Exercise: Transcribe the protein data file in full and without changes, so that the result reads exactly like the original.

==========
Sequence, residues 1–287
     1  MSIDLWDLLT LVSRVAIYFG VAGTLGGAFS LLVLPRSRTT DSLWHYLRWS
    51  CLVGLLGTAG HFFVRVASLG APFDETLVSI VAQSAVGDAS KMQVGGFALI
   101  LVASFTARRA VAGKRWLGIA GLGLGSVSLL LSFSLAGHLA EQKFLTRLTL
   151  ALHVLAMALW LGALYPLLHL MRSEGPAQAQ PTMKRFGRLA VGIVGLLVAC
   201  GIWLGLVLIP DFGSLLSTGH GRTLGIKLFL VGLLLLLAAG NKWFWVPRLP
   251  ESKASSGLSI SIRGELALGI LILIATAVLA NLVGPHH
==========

Sequence, residues 1–287
     1  MSIDLWDLLT LVSRVAIYFG VAGTLGGAFS LLVLPRSRTT DSLWHYLRWS
    51  CLVGLLGTAG HFFVRVASLG APFDETLVSI VAQSAVGDAS KMQVGGFALI
   101  LVASFTARRA VAGKRWLGIA GLGLGSVSLL LSFSLAGHLA EQKFLTRLTL
   151  ALHVLAMALW LGALYPLLHL MRSEGPAQAQ PTMKRFGRLA VGIVGLLVAC
   201  GIWLGLVLIP DFGSLLSTGH GRTLGIKLFL VGLLLLLAAG NKWFWVPRLP
   251  ESKASSGLSI SIRGELALGI LILIATAVLA NLVGPHH